LITTLE INDIA RIOT: ONE YEAR LATER

Little India Riot: One Year Later - MP: Residents want current alcohol curbs to stay

Ms Denise Phua wants the authorities to give more weightage to the needs of residents, who “live there, day in, day out, and are there after the visitors have left”. -- ST PHOTO: T. KUMAR
Ms Denise Phua wants the authorities to give more weightage to the needs of residents, who “live there, day in, day out, and are there after the visitors have left”. -- ST PHOTO: T. KUMAR
  • WHO: Ms Denise Phua, 55.
  • HER INVOLVEMENT: She is Mayor for Central Singapore District and an MP for Moulmein-Kallang GRC, whose Kampong Glam ward includes part of Little India.
  • HER STORY: Little India residents have been vocal in calling for the temporary measures implemented in the area after the riot to remain, Ms Phua tells Insight via e-mail.

Particularly welcome, she says, are the curbs on the sale and public consumption of alcohol. This has greatly reduced incidents of foreign workers getting drunk, littering, urinating and sleeping along corridors or staircase landings, which she says was a concern for her residents.

But the measures under the Public Order (Additional Temporary Measures) Act (POATM) will expire on March 31 next year. Ms Phua says: "My residents are not unreasonable and not so naive to demand that no foreign workers should visit Little India. They are simply asking for their privacy and their communal spaces to be returned to them.

"They do not want the neighbourhood shops in their heartland to be primarily selling alcohol or merchandise that cater to, and attract, large congregations of foreign workers."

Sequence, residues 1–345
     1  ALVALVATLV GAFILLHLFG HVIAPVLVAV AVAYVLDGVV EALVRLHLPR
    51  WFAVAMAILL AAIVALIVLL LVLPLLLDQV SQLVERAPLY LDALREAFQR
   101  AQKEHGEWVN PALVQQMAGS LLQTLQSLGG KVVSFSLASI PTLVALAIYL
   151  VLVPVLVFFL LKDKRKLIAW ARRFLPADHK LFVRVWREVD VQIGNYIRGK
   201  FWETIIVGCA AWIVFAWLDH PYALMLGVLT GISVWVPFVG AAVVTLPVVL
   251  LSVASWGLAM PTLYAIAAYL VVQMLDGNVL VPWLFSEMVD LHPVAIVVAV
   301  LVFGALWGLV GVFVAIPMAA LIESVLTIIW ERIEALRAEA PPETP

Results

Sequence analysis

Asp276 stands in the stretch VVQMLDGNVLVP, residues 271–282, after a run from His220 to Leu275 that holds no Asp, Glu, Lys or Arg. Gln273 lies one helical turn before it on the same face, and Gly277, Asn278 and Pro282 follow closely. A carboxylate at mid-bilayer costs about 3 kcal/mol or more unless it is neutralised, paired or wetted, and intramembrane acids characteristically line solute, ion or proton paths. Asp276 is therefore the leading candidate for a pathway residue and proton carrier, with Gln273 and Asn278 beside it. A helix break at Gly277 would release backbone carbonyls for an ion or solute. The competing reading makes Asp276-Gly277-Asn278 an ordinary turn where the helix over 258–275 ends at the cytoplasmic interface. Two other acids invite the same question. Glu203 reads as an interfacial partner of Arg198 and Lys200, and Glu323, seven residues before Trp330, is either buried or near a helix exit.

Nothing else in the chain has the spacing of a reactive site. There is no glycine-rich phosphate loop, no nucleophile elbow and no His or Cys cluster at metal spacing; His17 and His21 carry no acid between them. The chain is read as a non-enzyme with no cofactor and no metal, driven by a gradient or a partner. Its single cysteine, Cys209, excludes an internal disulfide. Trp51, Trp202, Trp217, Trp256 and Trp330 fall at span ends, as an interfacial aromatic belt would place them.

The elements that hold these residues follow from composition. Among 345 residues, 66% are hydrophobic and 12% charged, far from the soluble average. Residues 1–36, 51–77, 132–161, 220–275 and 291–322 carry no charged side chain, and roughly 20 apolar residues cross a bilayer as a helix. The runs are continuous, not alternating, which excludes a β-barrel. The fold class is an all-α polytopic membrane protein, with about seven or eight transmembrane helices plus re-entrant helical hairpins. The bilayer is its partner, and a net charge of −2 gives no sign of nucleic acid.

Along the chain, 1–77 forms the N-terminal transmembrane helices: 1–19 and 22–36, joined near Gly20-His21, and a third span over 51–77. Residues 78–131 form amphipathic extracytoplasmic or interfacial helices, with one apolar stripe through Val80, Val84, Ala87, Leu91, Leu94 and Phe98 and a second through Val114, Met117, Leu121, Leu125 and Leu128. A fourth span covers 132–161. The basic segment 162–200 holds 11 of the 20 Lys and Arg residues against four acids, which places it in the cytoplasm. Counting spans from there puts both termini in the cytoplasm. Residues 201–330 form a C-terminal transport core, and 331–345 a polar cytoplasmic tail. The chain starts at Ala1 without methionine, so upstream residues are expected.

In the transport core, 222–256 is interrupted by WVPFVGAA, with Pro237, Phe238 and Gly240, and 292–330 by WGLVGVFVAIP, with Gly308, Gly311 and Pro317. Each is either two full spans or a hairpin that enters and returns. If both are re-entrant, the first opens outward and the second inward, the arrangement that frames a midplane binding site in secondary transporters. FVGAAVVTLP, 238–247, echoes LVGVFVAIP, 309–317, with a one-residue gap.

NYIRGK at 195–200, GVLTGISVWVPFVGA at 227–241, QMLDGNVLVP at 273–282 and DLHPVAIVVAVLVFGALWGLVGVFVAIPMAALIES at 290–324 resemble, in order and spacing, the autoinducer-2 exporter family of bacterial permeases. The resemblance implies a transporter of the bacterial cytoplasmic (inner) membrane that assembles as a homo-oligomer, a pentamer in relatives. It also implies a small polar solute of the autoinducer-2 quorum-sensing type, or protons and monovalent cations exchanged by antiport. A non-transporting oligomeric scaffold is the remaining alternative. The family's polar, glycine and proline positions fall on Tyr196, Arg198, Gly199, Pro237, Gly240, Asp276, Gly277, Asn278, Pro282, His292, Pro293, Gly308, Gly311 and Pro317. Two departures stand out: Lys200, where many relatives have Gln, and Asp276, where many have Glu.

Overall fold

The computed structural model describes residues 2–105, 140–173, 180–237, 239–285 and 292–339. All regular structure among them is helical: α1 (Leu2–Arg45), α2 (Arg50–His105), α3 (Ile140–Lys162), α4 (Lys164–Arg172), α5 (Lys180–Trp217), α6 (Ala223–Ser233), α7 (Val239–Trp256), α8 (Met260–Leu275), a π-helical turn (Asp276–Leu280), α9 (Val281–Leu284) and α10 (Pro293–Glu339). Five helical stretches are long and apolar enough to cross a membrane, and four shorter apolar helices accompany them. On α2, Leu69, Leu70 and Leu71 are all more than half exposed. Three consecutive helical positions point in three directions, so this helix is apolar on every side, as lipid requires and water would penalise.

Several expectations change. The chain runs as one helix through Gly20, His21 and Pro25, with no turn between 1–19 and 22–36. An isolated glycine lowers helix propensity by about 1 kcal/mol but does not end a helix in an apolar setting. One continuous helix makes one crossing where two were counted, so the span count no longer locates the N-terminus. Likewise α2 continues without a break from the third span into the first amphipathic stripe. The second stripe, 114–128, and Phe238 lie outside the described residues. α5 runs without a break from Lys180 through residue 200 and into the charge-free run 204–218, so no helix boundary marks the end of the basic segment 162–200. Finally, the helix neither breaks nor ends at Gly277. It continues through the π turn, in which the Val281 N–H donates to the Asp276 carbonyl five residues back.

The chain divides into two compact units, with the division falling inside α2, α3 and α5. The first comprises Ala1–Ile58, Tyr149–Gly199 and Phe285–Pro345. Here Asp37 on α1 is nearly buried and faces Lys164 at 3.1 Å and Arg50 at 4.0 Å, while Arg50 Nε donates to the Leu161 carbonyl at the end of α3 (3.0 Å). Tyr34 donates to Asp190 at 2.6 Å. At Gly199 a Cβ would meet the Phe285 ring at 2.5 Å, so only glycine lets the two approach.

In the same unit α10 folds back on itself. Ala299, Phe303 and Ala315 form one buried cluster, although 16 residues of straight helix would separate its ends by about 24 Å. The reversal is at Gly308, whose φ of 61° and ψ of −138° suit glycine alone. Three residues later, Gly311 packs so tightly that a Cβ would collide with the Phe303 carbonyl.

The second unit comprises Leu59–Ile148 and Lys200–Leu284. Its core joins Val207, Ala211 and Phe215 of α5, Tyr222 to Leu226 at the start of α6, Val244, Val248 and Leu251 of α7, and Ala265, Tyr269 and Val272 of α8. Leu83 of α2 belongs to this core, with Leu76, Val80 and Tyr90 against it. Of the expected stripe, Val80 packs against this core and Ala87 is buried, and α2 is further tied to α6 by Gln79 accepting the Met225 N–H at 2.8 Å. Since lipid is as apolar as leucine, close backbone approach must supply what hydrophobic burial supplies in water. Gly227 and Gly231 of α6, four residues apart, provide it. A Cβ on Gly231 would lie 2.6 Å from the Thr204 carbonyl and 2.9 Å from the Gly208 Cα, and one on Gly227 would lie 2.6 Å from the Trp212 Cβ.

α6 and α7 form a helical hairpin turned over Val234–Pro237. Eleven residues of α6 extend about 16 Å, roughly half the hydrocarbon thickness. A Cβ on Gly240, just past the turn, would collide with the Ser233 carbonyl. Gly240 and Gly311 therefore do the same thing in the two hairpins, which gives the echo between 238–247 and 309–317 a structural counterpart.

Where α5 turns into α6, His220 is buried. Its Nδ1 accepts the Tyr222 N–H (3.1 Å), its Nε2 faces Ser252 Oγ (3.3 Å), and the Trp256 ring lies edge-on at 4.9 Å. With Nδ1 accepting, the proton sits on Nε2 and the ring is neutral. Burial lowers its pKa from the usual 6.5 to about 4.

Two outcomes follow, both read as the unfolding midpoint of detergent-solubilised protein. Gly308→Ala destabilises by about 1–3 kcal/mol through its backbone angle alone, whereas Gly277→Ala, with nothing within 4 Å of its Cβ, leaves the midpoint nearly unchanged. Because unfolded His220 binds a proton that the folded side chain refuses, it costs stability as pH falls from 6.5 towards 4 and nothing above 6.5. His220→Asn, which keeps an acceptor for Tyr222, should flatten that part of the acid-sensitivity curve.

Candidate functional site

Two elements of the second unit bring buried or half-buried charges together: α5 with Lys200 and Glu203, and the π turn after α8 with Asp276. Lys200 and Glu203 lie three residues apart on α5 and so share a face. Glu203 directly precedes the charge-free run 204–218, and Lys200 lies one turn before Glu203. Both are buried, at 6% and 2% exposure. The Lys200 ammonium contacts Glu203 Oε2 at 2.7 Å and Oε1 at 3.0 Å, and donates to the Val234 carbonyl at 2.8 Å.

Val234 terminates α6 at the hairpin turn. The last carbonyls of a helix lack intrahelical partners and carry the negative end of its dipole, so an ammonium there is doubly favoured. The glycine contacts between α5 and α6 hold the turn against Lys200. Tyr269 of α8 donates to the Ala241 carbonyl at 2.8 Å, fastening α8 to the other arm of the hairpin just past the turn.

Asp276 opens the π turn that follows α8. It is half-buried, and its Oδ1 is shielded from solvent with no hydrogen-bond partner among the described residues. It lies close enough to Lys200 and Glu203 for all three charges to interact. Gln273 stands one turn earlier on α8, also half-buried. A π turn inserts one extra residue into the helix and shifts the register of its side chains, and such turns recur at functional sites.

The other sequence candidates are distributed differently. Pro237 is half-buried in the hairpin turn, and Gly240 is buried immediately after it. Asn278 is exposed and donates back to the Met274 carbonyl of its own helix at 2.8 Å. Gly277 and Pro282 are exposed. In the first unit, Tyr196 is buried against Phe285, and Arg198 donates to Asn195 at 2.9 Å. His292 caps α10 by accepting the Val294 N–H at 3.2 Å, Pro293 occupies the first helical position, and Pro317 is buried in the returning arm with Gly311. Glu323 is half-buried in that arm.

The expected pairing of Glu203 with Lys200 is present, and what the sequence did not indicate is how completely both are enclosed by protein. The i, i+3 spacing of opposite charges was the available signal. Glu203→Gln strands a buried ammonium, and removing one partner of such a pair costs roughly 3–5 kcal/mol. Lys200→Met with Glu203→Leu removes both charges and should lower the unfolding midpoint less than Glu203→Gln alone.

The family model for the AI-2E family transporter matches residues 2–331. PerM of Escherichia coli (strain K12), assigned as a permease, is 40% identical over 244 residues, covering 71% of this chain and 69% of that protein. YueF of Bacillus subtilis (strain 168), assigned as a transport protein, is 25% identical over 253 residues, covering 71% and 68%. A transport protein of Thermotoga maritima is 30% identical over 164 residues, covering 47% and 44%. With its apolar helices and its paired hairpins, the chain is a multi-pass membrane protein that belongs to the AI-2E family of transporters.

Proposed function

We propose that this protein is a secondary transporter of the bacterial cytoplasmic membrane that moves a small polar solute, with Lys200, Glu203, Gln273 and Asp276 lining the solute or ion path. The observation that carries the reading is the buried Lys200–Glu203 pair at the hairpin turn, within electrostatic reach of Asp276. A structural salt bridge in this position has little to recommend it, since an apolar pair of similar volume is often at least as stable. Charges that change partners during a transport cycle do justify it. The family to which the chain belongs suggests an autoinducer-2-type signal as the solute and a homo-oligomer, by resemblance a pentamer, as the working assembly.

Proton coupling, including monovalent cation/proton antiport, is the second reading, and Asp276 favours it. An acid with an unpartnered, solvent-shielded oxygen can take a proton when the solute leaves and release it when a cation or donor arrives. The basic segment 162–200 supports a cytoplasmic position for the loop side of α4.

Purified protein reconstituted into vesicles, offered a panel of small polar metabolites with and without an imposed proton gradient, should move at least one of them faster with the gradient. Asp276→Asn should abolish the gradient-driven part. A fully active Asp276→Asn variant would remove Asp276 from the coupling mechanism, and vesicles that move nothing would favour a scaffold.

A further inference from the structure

According to the police, there are 321 liquor licences in the 1.1 sq km zone proclaimed under the POATM as of June 16 - 10 fewer than last year. They declined to provide updated statistics.

As of Nov 30, some 300 people have been issued advisories for drinking in public outside permitted hours, that is, from 6am on Saturday to 6am on Monday, as well as from 6am on the eve of public holidays to 6am the day after.

Ms Phua acknowledges that the restrictions have affected some businesses, especially those depending largely on foreign workers.

 

She has worked with the Little India Shopkeepers and Heritage Association to ask the authorities to give these merchants priority, if tendering for shop spaces at decentralised recreation centres or dormitories for migrant workers.

Meanwhile, the Ministry of Home Affairs, which had started a review on alcohol measures even before the riot, is expected to introduce new laws by April.

Calling on the authorities to "not disappoint the residents", Ms Phua says she hopes the current alcohol curbs in Little India will stay.

She says: "I urge the authorities to give more weightage to the needs of the residents affected in the congregation hot spots and especially in Little India where the riot happened. These residents live there, day in, day out, and are there after the visitors have left."